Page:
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You can search the entire site. or go to the recent opinions, or the chronological or subject indices. In the Matter of the Adoption of Xavier K., a Minor (1/13/2012) sp-6634

In the Matter of the Adoption of Xavier K., a Minor (1/13/2012) sp-6634

        Notice: This opinion is subject to correction before publication in the PACIFIC  REPORTER. 
        Readers are requested to bring errors to the attention of the Clerk of the Appellate Courts, 
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In the Matter of the Adoption of                )       Supreme Court No. S-13838 
XAVIER K., a Minor.                             ) 
                                                )       Superior Court No. 3KN-09-00179 PR 
                                                )       O P I N I O N 
                                                )       No. 6634 - January 13, 2012 

                Appeal from the Superior Court of the State of Alaska, Third 
                Judicial District, Kenai, Carl Bauman, Judge. 

                Appearances:      Phil N. Nash, Law Offices of Phil N. Nash, 
                Kenai, for Appellant.      No appearance by Appellee. 

                Before:    Carpeneti, Chief Justice, Fabe, Winfree, Christen, 
                and Stowers, Justices. 

                CARPENETI, Chief Justice. 


                A mother petitioned the superior court to adopt her biological son.  She has 

never been married to the child's father.          While the court concluded that the father's 

consent was not needed, it denied the petition as not being in the child's best interests. 

Instead, the court granted physical and legal custody to the mother and visitation rights 

to the father. Because Alaska's adoption statute does not contemplate an adoption under 

the circumstances of this case, we affirm. 

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               Xavier K. was born in August 2005 to Roberta Katz and Frank Smith.1 

Katz and Smith have never been married.  Smith has a felony history including burglary, 

theft, and assault.    Shortly after learning that she was pregnant, Katz discovered that 

Smith had been unfaithful to her.   She moved out of their shared apartment and was not 

living with Smith when Xavier was born.          Smith learned of Xavier's birth from a third 

party and traveled to Anchorage to see his son in the hospital.         After Katz and Xavier 

were released from the hospital, Smith sought out Katz while she and Xavier were on an 

outing in Nikiski.  They discussed the expense of raising a child, and Smith claims that 

he gave Katz $400 in cash. 

               In September 2005, probation officers seized cocaine and marijuana from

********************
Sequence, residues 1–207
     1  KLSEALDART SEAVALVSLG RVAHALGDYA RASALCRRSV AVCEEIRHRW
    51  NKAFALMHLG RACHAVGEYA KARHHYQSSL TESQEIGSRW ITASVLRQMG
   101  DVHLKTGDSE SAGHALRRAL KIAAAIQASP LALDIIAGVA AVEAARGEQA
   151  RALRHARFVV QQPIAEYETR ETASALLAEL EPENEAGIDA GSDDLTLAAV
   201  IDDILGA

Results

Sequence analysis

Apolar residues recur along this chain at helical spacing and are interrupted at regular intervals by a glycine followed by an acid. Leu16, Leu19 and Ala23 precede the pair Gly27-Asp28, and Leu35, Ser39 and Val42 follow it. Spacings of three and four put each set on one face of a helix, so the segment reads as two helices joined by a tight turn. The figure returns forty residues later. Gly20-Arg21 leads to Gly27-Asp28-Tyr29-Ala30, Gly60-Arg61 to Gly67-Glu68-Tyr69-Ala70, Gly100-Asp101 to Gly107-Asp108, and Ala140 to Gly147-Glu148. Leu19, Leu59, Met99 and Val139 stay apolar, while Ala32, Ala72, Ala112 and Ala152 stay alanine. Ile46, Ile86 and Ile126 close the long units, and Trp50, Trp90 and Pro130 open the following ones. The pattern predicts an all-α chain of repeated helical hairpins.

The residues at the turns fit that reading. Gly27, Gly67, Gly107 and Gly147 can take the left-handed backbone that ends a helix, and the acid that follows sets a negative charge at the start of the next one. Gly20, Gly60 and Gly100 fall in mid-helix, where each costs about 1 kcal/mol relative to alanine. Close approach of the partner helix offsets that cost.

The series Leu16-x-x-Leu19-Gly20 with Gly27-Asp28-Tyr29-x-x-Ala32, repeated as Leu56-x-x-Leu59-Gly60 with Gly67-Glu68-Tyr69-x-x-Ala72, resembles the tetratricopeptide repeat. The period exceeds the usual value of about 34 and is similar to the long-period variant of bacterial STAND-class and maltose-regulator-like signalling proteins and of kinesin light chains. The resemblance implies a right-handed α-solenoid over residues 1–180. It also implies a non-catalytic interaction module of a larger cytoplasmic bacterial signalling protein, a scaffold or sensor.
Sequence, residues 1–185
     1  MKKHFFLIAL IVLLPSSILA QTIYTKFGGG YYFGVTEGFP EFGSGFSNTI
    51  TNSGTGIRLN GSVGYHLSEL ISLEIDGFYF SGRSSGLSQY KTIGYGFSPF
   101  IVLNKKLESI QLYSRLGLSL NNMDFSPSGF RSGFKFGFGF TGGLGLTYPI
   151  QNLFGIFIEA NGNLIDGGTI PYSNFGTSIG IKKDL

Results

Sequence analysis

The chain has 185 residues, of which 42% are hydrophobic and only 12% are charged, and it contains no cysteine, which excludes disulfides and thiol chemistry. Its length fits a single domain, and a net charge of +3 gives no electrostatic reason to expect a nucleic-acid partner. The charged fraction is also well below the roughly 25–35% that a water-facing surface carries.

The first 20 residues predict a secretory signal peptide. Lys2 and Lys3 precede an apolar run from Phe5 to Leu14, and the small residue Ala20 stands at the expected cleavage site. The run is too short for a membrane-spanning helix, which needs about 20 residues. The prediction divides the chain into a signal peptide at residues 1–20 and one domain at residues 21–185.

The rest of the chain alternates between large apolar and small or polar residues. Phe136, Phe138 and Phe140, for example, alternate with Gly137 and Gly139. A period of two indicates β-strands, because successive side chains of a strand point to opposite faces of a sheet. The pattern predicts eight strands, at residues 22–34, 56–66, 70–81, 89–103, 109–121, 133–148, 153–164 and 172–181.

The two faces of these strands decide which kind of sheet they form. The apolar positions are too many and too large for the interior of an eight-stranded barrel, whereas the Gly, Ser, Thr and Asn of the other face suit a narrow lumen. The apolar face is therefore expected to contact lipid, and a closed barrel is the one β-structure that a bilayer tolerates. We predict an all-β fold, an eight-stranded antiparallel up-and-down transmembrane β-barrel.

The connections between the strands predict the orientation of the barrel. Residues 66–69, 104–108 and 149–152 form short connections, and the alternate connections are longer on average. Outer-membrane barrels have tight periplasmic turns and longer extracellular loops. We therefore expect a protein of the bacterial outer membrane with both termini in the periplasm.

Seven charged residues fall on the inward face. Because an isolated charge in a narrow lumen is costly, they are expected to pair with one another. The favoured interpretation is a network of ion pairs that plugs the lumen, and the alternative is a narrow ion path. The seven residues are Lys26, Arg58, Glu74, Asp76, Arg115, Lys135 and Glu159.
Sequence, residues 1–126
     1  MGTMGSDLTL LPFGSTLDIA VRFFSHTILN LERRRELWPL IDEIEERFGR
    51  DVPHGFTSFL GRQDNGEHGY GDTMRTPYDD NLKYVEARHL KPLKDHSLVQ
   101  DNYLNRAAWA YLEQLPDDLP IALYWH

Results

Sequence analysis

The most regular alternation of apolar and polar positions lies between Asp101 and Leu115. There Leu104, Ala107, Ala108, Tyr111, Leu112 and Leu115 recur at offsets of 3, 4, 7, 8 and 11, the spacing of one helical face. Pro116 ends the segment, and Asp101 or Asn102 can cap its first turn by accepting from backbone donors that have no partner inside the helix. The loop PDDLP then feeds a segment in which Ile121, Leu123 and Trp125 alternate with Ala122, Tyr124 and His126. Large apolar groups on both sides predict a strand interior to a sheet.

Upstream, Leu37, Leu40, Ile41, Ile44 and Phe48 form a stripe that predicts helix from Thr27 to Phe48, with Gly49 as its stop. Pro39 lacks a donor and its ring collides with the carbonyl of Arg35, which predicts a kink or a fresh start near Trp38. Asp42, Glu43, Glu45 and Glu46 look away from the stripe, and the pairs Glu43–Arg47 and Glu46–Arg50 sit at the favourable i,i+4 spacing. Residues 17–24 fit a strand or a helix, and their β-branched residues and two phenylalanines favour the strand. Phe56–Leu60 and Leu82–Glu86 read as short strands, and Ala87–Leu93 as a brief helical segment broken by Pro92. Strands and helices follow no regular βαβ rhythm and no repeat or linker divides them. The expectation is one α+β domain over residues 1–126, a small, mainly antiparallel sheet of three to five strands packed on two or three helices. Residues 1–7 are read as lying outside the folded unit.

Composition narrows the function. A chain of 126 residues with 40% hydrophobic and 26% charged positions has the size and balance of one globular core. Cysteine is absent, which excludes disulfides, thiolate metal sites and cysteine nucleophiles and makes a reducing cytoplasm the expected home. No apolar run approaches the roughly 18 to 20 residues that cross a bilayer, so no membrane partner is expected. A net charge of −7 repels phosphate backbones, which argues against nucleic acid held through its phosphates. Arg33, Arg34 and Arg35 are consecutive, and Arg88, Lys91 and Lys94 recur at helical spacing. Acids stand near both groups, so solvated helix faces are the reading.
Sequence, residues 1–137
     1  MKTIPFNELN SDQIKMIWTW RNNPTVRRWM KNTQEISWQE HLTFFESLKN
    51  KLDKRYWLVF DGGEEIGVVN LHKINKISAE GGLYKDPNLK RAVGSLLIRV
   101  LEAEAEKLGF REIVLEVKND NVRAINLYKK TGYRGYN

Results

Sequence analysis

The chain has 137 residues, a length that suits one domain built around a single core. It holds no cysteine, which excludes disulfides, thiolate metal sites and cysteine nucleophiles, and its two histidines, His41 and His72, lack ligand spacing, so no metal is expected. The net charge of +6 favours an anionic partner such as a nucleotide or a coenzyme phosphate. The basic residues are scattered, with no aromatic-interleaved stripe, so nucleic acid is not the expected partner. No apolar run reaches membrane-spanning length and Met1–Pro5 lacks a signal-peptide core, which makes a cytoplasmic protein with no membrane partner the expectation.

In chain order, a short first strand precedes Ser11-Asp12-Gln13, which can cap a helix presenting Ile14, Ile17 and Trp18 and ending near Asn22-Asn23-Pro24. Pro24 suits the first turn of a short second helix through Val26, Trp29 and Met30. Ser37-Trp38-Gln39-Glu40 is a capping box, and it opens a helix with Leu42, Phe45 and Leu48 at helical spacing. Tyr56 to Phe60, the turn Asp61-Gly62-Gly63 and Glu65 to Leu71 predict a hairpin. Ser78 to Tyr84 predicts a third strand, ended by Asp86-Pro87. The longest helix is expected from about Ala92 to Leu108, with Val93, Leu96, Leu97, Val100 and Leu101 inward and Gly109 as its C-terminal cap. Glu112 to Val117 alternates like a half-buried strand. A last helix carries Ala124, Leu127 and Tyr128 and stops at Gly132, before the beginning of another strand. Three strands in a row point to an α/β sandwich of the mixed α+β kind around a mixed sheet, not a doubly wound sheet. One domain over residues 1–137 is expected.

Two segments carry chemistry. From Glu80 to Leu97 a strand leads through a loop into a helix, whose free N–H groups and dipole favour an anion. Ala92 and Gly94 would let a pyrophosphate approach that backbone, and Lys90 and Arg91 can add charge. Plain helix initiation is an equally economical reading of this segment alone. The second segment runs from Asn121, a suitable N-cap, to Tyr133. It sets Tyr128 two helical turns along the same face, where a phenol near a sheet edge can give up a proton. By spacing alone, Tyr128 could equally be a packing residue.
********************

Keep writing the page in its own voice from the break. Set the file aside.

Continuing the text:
Smith's apartment, along with $4,210 in cash.           Smith was indicted by a grand jury, 

convicted, and incarcerated from September 2005 to September 2007.                  Katz visited 

Smith at least twice while he was in prison but did not bring Xavier.          While Smith was 

in   prison,   the  Child  Support   Services   Division  (CSSD)   set   Smith's   child  support 

obligation at $50 per month.   CSSD informed Smith that he must notify CSSD once he 

was released and employed.       Smith did not make any child support payments to CSSD 

while he was in prison.  He did, however, make several cash payments and medical cost 

reimbursements to Katz in 2007 and 2008. 

               Smith was released in September 2007 with five years' probation.  He did 

not contact CSSD upon his release.        Smith visited Xavier for the first time in October 

2007 following his release.      Between this visit and August 10, 2008, 18 visits occurred 

between Smith and Xavier, supervised by Katz and mostly taking place at McDonald's. 

Smith missed a number of additional scheduled visits. 

        1      We use pseudonyms to protect the family's privacy. 

                                               -2-                                            6634 

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                By this point, Katz was involved with another man, Seth Colton. Katz later 

testified that in front of Xavier, "[Smith] was referred to as Father and [Colton] was 

referred to as . . . Dad."     During one of Smith's final visits with Xavier, the boy saw 

Colton in the parking lot and said something to the effect of "there's my daddy."                  This 

comment   upset   Smith.       In   August   2008,   Katz   asked   Smith   to   rent   a   playroom   at 

McDonald's for Xavier's birthday party.             Smith declined, as he was still upset about 

Xavier's remark.      Smith then declined an opportunity to meet with Katz and Xavier at 

the 2008 State Fair. 

                On   August   18,   2008,   Katz   and   Smith   exchanged   a   long   string   of   text 

messages. Smith expressed frustration that Katz allowed Xavier to call Colton "Daddy," 

while Katz expressed frustration that Smith would not sign a parenting agreement giving 

her   sole   legal   and  primary   physical   custody     of   Xavier.  The   parties    then   cut   off